Area Forecast Discussion
Issued by NWS Albuquerque, NM

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FXUS65 KABQ 141142 AAA

Area Forecast Discussion...UPDATED
National Weather Service Albuquerque NM
542 AM MDT Wed Apr 14 2021

Aviation hazards will initially be focused on gap/canyon winds at
KABQ and KSAF with low stratus clouds also being a widespread
concern in eastern New Mexico. An Airport Weather Warning will
be extended through 13/1500UTC at KABQ for gusts occasionally
hitting 35 kt while lesser peak gusts of 20 to 25 kt are expected at
KSAF. MVFR to IFR ceilings have entered eastern New Mexico and will
continue to advance farther north and west toward the central
mountain chain through the late morning. Ceilings may raise or break
up into the afternoon hours, but northeastern to east central New
Mexico locales may retain MVFR ceilings well into the late afternoon.
Spotty light showers or dry thunderstorms cannot be ruled out over
the northern mountains this afternoon with drizzle and or sprinkles
possible in parts of the eastern plains and this could extend or
redevelop tonight. Lastly, in the far western areas of the state,
southwest winds will turn strong with afternoon gusts of 35 to 45 kt.



.PREV DISCUSSION...313 AM MDT Wed Apr 14 2021...
Breezy to windy conditions will prevail across western and central
portions of New Mexico for the remainder of the week as temperatures
across the east remain below normal through early next week. A
strong cold front is expected Friday bringing moisture and cooler
temperatures areawide in its wake. This will increase shower,
mountain snow, and thunderstorm chances over the weekend. Conditions
will dry out by Tuesday and temperatures will slowly begin to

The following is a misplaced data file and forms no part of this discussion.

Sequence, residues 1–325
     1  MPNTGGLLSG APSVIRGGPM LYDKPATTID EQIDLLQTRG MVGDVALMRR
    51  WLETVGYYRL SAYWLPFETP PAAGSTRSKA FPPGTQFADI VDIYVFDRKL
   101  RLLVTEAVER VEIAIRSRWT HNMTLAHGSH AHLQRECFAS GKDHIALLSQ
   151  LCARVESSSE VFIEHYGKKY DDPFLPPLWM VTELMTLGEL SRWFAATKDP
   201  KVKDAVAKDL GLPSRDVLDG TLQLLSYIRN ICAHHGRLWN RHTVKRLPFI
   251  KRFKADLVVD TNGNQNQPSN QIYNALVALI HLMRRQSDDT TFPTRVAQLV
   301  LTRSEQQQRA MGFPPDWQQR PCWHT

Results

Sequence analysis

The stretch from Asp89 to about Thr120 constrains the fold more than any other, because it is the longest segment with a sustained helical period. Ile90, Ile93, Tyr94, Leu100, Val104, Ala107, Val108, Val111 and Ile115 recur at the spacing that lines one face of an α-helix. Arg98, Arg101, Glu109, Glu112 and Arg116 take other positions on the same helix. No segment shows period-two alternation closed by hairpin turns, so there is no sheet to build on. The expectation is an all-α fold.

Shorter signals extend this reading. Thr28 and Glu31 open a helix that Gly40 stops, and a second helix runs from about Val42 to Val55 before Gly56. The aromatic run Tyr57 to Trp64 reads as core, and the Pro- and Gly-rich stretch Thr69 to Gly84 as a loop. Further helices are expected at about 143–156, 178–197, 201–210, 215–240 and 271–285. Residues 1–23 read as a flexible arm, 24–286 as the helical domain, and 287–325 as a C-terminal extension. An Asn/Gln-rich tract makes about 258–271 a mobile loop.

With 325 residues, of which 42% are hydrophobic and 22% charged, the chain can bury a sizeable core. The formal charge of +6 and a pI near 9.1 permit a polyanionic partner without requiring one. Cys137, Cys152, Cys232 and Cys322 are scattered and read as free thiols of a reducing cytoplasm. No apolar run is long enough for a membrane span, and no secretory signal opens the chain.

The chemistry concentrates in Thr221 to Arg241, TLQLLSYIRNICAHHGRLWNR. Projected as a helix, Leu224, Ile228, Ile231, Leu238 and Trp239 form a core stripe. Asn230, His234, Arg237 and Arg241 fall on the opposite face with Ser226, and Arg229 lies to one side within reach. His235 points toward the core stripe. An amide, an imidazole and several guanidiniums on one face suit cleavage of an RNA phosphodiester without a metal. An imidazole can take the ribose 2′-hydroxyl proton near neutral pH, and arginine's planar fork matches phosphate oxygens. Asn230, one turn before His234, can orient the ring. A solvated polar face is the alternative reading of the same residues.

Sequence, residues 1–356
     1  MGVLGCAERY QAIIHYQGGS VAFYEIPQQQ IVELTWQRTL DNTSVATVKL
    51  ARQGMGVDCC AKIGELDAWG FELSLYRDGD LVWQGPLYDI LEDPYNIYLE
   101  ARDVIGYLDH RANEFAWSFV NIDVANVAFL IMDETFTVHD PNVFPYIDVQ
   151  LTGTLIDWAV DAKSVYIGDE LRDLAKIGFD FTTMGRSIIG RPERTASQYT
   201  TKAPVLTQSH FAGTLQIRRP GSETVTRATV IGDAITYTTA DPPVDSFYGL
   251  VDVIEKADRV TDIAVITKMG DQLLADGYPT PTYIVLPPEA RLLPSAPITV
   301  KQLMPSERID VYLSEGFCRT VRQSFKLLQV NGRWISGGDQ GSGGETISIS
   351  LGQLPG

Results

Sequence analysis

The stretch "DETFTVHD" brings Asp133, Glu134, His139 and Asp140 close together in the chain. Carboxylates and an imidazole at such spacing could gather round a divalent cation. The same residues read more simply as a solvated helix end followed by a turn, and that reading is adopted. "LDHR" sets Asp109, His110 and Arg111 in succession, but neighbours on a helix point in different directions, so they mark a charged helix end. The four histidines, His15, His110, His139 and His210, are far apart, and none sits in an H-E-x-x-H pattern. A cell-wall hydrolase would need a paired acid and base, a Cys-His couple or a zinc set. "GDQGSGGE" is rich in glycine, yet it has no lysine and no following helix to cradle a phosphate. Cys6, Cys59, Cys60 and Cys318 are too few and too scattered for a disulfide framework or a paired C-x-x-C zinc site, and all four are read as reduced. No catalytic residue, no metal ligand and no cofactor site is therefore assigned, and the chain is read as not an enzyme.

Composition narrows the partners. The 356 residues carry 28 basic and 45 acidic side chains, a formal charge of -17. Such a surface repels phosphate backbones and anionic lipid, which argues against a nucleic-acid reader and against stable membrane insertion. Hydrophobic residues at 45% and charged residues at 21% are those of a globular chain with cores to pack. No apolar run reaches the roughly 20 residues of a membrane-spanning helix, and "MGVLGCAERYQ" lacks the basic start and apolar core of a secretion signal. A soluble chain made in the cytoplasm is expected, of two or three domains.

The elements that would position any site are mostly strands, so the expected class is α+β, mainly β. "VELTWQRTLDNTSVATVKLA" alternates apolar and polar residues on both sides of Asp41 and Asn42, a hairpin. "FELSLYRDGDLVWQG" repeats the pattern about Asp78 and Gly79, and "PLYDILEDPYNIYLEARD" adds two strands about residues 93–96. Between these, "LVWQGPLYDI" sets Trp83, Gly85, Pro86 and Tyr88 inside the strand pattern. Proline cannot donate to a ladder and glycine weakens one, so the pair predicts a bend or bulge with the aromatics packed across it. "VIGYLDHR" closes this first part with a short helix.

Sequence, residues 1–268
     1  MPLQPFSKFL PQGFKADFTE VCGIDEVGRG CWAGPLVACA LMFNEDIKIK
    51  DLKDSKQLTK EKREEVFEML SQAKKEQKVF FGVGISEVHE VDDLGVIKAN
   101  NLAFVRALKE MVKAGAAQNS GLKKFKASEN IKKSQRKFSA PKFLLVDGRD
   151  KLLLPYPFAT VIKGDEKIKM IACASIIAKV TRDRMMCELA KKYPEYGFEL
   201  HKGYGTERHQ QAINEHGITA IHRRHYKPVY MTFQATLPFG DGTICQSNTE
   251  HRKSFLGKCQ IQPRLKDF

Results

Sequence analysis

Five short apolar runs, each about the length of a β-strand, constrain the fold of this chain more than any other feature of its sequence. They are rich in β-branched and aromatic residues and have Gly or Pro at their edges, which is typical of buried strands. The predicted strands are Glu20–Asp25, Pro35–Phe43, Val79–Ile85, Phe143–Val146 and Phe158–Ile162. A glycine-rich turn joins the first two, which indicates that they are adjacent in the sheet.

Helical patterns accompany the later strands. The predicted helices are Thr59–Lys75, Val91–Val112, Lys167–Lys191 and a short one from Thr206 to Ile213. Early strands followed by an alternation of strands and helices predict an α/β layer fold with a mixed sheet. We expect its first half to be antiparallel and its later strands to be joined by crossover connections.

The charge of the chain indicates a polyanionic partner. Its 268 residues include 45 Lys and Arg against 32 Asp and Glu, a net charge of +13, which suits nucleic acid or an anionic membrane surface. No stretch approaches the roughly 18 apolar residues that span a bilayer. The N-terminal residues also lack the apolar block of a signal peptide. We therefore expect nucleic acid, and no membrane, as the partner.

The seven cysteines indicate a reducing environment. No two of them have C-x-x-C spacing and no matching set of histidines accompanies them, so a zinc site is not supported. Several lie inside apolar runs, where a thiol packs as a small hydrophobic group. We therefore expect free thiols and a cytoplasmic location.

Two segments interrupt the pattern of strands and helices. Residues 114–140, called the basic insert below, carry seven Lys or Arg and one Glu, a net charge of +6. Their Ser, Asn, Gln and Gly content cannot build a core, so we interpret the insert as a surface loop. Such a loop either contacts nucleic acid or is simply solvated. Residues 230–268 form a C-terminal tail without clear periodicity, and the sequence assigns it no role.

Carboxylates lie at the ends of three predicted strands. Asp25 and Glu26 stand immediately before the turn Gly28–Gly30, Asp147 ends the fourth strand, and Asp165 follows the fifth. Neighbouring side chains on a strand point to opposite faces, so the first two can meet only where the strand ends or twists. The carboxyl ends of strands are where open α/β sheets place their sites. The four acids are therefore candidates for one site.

rebound to near and above normal.


High pressure at the surface strengthened a bit more last night over
the central plains, nudging pressure rises farther south and even
into NM. This has kept, if not strengthened, the stiff surface
gradient in place of central to eastern parts of NM that has been
driving the gap winds this morning. Similar to yesterday, these
canyon winds are expected to slacken a bit into the late morning
with directions veering more southerly into the afternoon. As
previously advertised, the east southeasterly flow is expected to
advect increased low layer moisture into NM going through the late
morning and afternoon. Evidence of this can already be seen on
satellite imagery in the form of low stratus clouds expanding from
west TX into the southeastern plains of NM.

These low clouds are expected to make a run toward the east slopes
of the central mountain chain through the late morning, and a fairly
widespread blanket of stratus is expected to be across much of the
eastern half of NM before noon. The stratus will likely wreak havoc
on todays high temperatures in eastern zones, as the deck is
expected to erode away in some central to southeastern zones, but
much of northeastern NM may retain cloudy, drizzly conditions well
into the late afternoon.

As the upper low meanders into northern NV today it will spread
strong west southwest flow into AZ and the Four Corners region along
with a prominent mid level dry slot. This will spread stronger
surface winds in western NM with dewpoints also plummeting in
western zones. Deep boundary layer mixing could bring some gusts to
45 or 50 mph to areas around the Chuskas and Gallup, so a Wind
Advisory will be issued for these areas this afternoon. Closer to
the boundary of the drier air in the west and the cooler, moist air
in the east, some meager instability will be found, potentially
yielding some virga or brief showers/thunderstorms over the northern
mountains and surrounding highlands. Temperatures in western zones